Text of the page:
Slide 1

difficultmangledMobile - Wireless

Nov 12, 2013 (3 years and 1 month ago)

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Maarten
Struys

Windows Mobile Evangelist

Alten
-
PTS

Session Code
: MOB201
-
SUN

Agenda

Introduction

Creating a Windows Mobile Application

Testing Windows Mobile Applications

Data on the Device

Making use of Device Capabilities

Battery Friendly Development

Conclusion

Introduction

Developing Windows Mobile Applications


Use the same development tools as desktop
developers

There are a few challenges

Slower processors

Battery powered devices

User Interface restrictions

Device Security

Application installation and execution

Encryption of data, devices can ‘easily’ be lost


Introduction

Windows Mobile


One brand name for a wide variety of devices

Windows Mobile 6 Standard (Smart Phone)

Windows Mobile 6 Professional (Pocket PC)


Software Development Tools

Visual Studio 2005 Professional or better

Support for Native and Managed applications

.NET CF 1.0 and .NET CF 2.0 support

Visual Studio 2008 Professional or better

.NET CF 3.5 and .NET CF 2.0 support


Introduction

Installing the Windows Mobile 6 SDKs


To develop applications for WM 6 devices you
need to install the WM 6 SDK’s

Separate downloads for Standard and Professional

Integrate seamlessly in Visual Studio 2008

You can also download Windows Mobile 6.1
emulator images to target newer Devices

To develop for Windows Mobile 6.5 also install the
Windows Mobile 6.5 DTKs


Introduction

Using the Development Tools


Developer experience identical for Desktop and
Windows Mobile applications

Fewer UI controls available

Fewer API’s available

Target the .NET Compact Framework

Highly compatible subset of the full .NET Framework

Target Platform differs from Development Platform


Developing Applications

Challenges


Dealing with different devices, different screen
sizes and different hardware

Creating effective user interfaces

Synchronizing data with desktops / servers

Network connections

Battery life


Targeting Different Devices

Device Emulator is your
Friend


Why use the emulator to begin with?

Allows targeting a large range of devices
without having access to physical devices

Allows testing cellular connections without
needing a costly physical connection

Allows easy testing of different security
scenarios


Creating your first Windows Mobile App

Hello World in C++, C# and Visual Basic.NET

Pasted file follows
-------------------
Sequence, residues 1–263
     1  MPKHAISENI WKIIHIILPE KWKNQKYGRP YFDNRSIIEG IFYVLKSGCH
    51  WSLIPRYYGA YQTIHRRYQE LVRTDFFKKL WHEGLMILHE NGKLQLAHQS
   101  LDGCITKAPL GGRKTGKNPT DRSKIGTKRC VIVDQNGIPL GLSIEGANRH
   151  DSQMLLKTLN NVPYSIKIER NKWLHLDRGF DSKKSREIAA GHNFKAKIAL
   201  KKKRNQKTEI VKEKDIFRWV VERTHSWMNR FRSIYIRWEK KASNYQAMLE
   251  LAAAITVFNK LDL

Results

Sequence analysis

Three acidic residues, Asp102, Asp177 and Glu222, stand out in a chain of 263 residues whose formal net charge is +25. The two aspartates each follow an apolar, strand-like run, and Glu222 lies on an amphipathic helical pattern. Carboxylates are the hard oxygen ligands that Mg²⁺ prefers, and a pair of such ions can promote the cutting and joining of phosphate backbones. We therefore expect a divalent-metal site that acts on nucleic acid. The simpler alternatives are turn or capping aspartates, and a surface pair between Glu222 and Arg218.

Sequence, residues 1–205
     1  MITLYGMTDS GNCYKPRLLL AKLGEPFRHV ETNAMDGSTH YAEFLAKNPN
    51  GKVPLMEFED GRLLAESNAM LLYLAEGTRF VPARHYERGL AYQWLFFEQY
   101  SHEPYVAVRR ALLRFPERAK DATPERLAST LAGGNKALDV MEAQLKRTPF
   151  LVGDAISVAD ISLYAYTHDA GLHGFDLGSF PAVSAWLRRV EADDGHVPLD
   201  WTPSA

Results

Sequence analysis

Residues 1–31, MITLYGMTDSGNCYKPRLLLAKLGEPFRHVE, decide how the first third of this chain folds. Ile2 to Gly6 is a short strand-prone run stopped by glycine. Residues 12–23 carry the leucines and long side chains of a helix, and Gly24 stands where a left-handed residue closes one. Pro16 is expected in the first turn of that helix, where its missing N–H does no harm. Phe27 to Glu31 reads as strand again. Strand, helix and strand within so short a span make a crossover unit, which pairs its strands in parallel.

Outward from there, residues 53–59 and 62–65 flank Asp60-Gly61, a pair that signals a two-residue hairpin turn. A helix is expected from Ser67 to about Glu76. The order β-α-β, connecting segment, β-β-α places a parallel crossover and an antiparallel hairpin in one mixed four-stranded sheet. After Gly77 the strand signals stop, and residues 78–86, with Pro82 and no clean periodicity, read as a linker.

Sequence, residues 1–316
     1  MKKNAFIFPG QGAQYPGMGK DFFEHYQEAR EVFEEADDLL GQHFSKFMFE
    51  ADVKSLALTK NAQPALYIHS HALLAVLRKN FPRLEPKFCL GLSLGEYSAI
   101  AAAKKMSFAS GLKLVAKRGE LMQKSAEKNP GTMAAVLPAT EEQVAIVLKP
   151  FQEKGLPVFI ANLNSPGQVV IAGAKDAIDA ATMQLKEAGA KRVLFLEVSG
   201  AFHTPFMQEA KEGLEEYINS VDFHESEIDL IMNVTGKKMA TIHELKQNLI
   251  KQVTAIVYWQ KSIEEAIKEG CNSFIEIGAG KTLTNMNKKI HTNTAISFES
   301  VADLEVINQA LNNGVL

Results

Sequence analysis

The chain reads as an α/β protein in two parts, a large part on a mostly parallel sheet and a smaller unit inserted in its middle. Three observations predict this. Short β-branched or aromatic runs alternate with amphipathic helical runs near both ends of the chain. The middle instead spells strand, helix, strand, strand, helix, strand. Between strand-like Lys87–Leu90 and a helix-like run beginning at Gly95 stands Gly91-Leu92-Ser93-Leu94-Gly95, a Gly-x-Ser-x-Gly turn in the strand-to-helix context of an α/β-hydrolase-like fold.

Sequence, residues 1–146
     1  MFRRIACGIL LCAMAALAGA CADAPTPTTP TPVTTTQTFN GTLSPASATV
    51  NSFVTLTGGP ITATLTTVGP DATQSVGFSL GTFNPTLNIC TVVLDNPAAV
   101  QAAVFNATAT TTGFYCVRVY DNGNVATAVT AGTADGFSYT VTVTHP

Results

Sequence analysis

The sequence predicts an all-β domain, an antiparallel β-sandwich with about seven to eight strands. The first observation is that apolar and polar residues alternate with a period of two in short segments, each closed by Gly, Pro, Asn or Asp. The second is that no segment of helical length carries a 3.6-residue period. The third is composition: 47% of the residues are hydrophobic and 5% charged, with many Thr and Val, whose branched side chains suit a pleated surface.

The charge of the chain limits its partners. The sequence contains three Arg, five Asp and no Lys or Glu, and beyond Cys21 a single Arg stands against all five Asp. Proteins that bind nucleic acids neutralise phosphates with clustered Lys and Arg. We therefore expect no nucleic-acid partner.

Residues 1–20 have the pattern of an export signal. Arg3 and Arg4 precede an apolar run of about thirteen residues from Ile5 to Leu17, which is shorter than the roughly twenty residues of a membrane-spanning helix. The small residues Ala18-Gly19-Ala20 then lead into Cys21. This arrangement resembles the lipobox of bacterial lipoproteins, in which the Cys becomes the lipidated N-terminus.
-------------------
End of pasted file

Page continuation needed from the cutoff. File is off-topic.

Testing your Application

Unit Testing for Devices


Unit Testing is a procedure used to validate that
individual pieces of source code are working
properly

A Unit is the smallest testable part of code

In C# and VB.NET methods inside classes

Calling methods with different parameters and examining
return values

Unit Tests are typically written by the developer


Testing your Application

Creating Unit Tests


Unit Tests can be generated automatically or
created manually

The latter makes sense for Test Driven
Development

They will exist in a separate test project

You can target both the .NET CF 2.0 and the
.NET CF 3.5

Need at least Visual Studio 2008 Professional


Testing your Application

Executing and Retrieving Results


Unit Tests are started on the development
machine but will execute on the device

Test results are displayed inside Visual Studio

Tests can be executed from inside Visual Studio
2008 or from a Command Prompt making use of
mstest.exe


Creating and Running Device Unit Tests

Storing Data on the Device

Planning ahead is Important


No application exists without data

Consider your data needs during design

Using unstructured data?

Providing my own data store functionality?

Using a real database on the device?

How about synchronization to a back
-
end server?


Storing Data on the Device

Two ‘popular’ approaches


Using XML files

True platform independence

Good support in managed code with
DataSet.ReadXml

and
DataSet.WriteXml

Overhead because of XML

Using SQL Server 2005 CE

Great performance

Use existing SQL Server skills

Design the database on the desktop

Needs the .NET Compact Framework 2.0

Does not run on every device


Storing Data on the Device

Typed
DataSet


In memory representation of a database

Manipulate data as a small relational database

Save or load contents to XML